Unlike the edittime, the runtime runs in a browser. This means you have access to all browser technologies, ranging from WebSockets and AJAX to the Web Audio API. Exciting stuff!
It is preferable to access jQuery via the full name (jQuery.foo()) rather than the short name ($.foo()) in order to maintain compatibility with other scripts that may be running in the page. For examples of using jQuery, the Mouse and Keyboard plugins use jQuery to detect input events.
You can find out more about jQuery at http://jquery.org/.
Google Closure Compiler compatibility
When exporting, Construct 2 gives the user the option to 'Minify script'. This runs the common and runtime scripts through Google Closure Compiler's ADVANCED_OPTIMIZATIONS mode. This imposes some limitations on what scripts can do. You must obey these limitations when writing your plugins, otherwise your plugin will be broken on export. More details can be found on the Closure Compiler website.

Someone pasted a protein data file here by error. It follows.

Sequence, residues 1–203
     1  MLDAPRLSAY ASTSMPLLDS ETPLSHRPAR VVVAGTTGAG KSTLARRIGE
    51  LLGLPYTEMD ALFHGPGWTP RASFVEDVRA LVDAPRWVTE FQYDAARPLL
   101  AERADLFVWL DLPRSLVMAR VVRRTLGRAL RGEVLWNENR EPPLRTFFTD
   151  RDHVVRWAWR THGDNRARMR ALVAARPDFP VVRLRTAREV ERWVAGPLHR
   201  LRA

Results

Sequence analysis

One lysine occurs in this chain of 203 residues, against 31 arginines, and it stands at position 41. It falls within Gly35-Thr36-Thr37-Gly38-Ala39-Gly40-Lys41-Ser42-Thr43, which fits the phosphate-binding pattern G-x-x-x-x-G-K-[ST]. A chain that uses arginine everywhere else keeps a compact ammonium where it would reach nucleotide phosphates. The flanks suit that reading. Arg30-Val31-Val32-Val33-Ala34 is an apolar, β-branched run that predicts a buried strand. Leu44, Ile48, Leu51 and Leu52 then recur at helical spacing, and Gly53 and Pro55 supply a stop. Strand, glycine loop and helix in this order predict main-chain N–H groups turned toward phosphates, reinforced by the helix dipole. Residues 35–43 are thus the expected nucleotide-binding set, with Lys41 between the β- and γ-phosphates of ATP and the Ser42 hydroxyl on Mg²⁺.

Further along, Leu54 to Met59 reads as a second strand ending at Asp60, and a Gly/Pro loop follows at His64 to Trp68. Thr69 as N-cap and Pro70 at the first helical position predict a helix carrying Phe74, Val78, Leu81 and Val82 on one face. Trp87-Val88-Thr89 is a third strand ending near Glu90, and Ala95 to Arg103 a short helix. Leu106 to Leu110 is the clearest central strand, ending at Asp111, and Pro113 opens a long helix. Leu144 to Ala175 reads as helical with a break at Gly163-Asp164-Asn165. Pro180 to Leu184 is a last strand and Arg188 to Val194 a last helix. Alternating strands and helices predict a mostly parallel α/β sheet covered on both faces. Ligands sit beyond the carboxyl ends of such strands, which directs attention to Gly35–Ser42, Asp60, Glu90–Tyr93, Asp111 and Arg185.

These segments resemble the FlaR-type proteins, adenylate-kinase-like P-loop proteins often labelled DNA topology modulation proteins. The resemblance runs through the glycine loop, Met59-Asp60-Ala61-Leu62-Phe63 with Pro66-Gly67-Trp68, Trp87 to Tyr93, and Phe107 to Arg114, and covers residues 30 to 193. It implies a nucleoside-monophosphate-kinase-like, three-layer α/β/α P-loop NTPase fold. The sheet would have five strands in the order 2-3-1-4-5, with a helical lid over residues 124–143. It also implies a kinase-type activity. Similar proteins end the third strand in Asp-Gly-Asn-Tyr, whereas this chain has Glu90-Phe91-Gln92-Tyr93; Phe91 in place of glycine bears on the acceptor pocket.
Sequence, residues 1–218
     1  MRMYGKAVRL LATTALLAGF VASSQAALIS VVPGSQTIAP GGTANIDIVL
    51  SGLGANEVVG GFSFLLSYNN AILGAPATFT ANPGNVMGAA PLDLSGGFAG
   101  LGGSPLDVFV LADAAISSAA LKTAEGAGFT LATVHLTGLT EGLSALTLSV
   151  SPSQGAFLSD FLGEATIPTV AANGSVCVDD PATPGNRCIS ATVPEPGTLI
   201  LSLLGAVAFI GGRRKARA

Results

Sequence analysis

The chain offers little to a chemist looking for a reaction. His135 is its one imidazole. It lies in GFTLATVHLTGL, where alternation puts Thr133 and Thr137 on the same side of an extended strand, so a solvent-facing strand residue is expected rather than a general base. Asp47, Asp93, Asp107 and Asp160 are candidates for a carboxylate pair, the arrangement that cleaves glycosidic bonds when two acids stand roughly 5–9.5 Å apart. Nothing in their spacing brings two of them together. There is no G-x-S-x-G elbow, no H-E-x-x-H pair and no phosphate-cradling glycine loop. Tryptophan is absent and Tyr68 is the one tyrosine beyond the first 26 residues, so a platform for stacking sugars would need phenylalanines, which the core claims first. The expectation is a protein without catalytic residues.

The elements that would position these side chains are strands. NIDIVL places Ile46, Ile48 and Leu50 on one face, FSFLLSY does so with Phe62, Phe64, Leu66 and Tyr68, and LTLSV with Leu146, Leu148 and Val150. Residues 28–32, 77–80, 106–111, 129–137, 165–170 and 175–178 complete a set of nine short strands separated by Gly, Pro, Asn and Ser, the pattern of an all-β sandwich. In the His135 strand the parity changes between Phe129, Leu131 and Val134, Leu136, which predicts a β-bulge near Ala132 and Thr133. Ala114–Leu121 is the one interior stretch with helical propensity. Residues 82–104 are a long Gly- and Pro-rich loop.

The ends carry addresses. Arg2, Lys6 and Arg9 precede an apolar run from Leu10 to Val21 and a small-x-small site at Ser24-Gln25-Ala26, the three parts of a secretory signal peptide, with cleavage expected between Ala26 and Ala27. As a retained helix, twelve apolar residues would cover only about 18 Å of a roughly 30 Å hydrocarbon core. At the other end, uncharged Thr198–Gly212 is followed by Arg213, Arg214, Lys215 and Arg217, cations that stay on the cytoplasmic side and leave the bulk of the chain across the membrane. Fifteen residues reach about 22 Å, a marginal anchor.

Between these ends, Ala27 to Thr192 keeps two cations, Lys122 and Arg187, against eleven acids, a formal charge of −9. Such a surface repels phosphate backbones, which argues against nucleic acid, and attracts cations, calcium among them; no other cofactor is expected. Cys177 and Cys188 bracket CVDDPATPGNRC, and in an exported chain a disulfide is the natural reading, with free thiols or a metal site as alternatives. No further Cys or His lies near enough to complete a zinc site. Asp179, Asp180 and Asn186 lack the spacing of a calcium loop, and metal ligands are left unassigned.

The main thing is to always use dot syntax (Object.property) rather than bracket syntax (Object["property"]) in your own code. All properties using dot syntax are changed by Closure Compiler, but none of the properties in bracket syntax are changed. Therefore, if you use Object.property in one place and Object["property"] in another to access the same property, the plugin will be broken on export. You may still use bracket syntax (e.g. for a dictionary of user-inputted strings) - just be aware of how Closure Compiler will transform the code.
If you refer to external libraries, you must always use bracket syntax (i.e. Object["property"]). If you use dot syntax, Closure Compiler will rename the property and it will access the wrong property of the external library after export.
Remember the edittime scripts are not passed through Google Closure Compiler, so you can write them how you like.
The Document Object Model (DOM)
1. Construct 2's exported projects are intended to be totally self-contained. Ideally the canvas is the only page element affected by the script.
2. Any DOM elements you change may not be present on some pages, or may be present but intended for a different purpose on other pages. Therefore modifying DOM elements can break compatibility with some pages.
3. Non-browser platforms like CocoonJS do not have a DOM, so your plugin will most likely not work on these platforms.
With careful consideration to the above three points, you could still try experimenting with DOM features in plugins.